If all suckers are removed, the potential yield of a tomato plant is limited to the number of flower clusters that are produced along the central stem, the number of flowers on each cluster, and the number of flowers that set fruit and don't drop off. If a particular variety produced clusters every 12 inches, starting 2 feet off of the ground, an 8 foot plant will have 6 flower clusters; for larger fruit varieties, 2-3 fruit set per cluster, so that plant will yield 12-18 tomatoes. If you allow a second sucker to grow, it doubles the potential yield...and so on.
Removal of suckers will reduce the complexity of a plant, allow better air circulation, and so possibly reduce the incidence of foliage diseases that tend to be fungal in nature. However, people who cage tomatoes typically remove no suckers at all, leading to very high possible yields. It really all comes down to how you grow the plant (cage or stake), how closely spaced they are, and how disciplined you are with sucker removal, since they appear very quickly and can lead to an out of control plant in no time. Typically I don't remove suckers, but use twine to tie all growth to the central pole every 6-12 inches. This year I am going to limit all of my indeterminate plants grown in large containers in the driveway to two main stems, since disease was a real issue for me last year.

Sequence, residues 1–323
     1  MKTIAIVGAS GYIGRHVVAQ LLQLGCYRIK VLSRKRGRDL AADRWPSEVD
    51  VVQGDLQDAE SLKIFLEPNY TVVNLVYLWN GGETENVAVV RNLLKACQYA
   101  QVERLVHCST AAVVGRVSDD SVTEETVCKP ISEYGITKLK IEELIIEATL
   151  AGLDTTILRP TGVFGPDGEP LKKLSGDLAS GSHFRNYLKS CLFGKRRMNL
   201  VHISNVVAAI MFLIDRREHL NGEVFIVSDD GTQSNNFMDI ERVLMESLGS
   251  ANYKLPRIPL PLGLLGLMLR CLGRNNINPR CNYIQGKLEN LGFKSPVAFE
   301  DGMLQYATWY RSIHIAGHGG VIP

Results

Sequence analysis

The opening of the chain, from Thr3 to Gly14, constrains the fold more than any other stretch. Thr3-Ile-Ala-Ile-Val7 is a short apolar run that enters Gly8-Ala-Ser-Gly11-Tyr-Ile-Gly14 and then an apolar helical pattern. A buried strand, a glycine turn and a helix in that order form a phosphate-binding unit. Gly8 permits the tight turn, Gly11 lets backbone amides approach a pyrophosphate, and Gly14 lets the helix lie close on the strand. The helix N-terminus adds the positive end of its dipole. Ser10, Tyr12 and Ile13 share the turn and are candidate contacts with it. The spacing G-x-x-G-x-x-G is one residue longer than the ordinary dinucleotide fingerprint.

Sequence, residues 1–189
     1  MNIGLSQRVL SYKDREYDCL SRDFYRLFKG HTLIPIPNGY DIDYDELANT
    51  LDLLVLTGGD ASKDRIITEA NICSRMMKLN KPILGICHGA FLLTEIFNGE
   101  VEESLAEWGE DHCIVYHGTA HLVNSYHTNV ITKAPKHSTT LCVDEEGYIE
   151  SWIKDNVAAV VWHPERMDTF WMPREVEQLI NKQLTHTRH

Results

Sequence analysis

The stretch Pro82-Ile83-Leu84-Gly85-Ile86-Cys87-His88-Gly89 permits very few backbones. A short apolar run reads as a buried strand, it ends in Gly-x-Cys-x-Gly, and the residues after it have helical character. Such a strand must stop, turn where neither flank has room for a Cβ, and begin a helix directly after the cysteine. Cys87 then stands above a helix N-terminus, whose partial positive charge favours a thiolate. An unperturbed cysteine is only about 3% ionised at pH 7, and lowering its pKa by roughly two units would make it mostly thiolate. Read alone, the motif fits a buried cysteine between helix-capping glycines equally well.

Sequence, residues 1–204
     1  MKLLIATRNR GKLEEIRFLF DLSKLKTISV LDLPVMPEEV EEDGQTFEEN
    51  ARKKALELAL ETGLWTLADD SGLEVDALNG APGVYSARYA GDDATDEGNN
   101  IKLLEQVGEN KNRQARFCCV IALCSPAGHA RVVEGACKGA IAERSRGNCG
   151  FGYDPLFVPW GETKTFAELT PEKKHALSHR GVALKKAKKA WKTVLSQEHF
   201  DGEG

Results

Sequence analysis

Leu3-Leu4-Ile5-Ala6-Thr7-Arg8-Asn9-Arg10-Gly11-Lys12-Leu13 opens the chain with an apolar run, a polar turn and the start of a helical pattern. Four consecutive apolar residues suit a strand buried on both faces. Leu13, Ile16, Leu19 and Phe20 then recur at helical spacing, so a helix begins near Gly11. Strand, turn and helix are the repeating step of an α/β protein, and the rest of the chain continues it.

Determinate varieties should not be pruned at all; the various branches of the plant end in flower clusters and a very concentrated heavy yield is produced that would be significantly compromised with sucker removal. I don't prune away suckers from stocky, short Dwarf varieties, either, since they stay well in bounds, growth-wise, and it is good to have flowering throughout the season (I consider Dwarfs to be very slowly vertically growing indeterminates).
So there is no right or wrong answer to "should I prune away suckers" - it depends. Suckers don't sap energy from the plant and don't result in smaller fruit. They are just the plant's way of ensuring it produces as much seed as possible- via the tomatoes produced.
Here is a brief video where I demonstrate and discuss tomato pruning.